The whole “overwrought and painful mystery” device was overdone in 2005. It’s the last season, there’s no need for it.

It's Always Sunny On The Island

Brief Aside: There’s no need for Mac to be on LOST. None. I couldn’t stop imagining him doing sweet karate moves and teaching them to the Others. Good thing I have a DVR, because everyone in my room was laughing.

Hey, Hey, Hey!

The centerpiece of LA X saw Kate and Claire rocking out in Dimension X. Kate goes from being on the run to sitting in a hospital room with Claire while Ethan assures her that her baby is going to be alright. Again the theme of destiny is brought up, and we’re left to wonder why the two of them are even trusting one another. One moment Kate is holding a gun to Claire’s head, the next moment she’s walking up to the Adopting Family’s house with her. It seems far-fetched at first, until you begin to wonder if there is a residual trust bleeding over from the dimension where Oceanic 815 went down. It’s the only way I can fathom there being any semblance of trust between the Crazy Chick with the Gun and Claire. I may be reaching, but there seem to be distinct moments where Kate searches trying to figure out if she recognizes Claire, only to give up on the thorn in her skull.

Throughout the storyline, they also swing the Destiny Hammer. It strikes anyone with a pulse with an emphatic reverberation, and you’re like “Okay, I get it, it’s destiny.” After all, I mean, what are the chances that the adoptive family doesn’t want to take Aaron, because they broke up? Dur, it’s like Claire was supposed to take care of Aaron! OMFG.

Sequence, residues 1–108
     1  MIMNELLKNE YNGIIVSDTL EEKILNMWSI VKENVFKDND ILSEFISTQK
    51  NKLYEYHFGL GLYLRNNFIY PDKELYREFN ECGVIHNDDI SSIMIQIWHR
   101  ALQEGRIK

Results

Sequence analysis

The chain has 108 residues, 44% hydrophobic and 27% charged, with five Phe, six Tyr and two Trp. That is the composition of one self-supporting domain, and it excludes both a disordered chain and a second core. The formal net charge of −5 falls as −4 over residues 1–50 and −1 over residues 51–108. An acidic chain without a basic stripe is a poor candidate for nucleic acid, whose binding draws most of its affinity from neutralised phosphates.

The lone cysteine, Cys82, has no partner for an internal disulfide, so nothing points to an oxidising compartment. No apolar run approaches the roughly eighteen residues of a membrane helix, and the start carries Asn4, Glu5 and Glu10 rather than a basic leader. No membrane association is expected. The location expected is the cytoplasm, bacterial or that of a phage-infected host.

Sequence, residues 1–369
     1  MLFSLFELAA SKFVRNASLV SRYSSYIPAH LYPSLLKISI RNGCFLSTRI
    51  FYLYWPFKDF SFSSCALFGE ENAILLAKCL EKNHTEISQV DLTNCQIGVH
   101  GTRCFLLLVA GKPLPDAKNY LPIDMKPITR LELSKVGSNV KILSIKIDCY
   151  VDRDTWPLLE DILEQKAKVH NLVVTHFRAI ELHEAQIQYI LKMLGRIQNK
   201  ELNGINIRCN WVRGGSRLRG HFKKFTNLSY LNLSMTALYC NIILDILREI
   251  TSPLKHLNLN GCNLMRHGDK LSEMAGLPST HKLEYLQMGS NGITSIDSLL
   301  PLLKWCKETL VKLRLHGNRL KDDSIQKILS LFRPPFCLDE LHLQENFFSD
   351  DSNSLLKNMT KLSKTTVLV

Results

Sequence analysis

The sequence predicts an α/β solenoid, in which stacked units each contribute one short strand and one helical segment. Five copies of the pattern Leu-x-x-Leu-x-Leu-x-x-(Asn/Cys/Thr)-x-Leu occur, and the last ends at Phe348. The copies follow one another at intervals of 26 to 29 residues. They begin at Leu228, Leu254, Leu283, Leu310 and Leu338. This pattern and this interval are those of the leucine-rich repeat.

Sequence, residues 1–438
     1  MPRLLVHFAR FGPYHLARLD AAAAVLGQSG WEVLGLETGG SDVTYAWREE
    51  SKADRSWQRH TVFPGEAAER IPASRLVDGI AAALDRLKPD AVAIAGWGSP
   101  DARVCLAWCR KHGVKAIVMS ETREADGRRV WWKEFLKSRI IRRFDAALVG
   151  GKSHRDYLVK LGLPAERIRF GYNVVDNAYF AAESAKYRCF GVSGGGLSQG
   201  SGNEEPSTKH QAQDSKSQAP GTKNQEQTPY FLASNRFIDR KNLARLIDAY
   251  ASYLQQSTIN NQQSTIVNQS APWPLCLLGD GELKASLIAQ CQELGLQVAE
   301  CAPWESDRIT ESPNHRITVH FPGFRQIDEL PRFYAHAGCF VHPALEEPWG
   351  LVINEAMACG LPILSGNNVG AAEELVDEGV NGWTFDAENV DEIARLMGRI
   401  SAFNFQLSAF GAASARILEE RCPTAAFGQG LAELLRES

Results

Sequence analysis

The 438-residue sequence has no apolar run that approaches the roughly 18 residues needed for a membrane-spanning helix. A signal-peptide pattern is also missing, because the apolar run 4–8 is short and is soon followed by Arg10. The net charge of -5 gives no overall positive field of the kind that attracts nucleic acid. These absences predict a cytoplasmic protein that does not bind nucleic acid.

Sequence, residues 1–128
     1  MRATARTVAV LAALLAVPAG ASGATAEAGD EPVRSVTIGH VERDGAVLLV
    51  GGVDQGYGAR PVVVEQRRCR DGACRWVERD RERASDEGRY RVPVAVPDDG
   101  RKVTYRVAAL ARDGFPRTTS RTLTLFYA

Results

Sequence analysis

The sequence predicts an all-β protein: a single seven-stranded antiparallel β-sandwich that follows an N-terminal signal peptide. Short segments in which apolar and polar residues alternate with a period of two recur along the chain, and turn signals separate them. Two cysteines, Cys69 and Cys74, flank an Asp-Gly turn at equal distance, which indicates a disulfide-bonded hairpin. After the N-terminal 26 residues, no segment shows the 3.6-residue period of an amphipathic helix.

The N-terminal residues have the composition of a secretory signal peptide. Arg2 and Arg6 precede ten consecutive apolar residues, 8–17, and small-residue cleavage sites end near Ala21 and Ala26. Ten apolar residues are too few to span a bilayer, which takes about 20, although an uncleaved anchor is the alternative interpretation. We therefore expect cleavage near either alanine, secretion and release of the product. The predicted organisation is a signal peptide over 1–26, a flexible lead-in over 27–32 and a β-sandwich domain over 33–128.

Here’s my problem with them using Claire and Kate as a means to interweave the two realities: I don’t care about either of them. Kate is a whore who is trying to get into Sawyer’s pants moments after his girlfriend died. And Claire? Claire disappeared awhile ago, and I didn’t really care about her then. She was just sort of there. It’s neat to see that these characters have an interwoven destiny no matter if the plane crashes or not, and it’s neat to see that Aaron and Claire were meant to be together, but as far as characters go, it just wasn’t that exciting for me.

OMFG, Rousseau?

Which makes the idea of Claire returning on the Island not that spectacular to me. That said, I am intrigued by the idea of an infection being spread throughout the Island. You got me, writers. Claire looks oh-so very Rousseau wielding her gun and shooting the punks trying to take down Jin. And if you consider the similarities – they’re both women who birthed on the Island, then it gets even more intriguing. Was Rousseau infected as well?

I don’t assume the rest of the episodes are going to be as drawn out and as uneventful as this one, Christ I hope not. I rationalized the first few seasons as laying the groundwork for the fireworks for the rest of the show. Pepsibones brought up that this is one of “those episodes that wouldn’t be so bad if you were watching on DVD”, and I agree. But the problem is that we’re rushing towards a climax at this point, not setting the stage for the series. There’s only a handle of episodes left, and I hate seeing one being wasted without more to show for it.

Here’s to next week.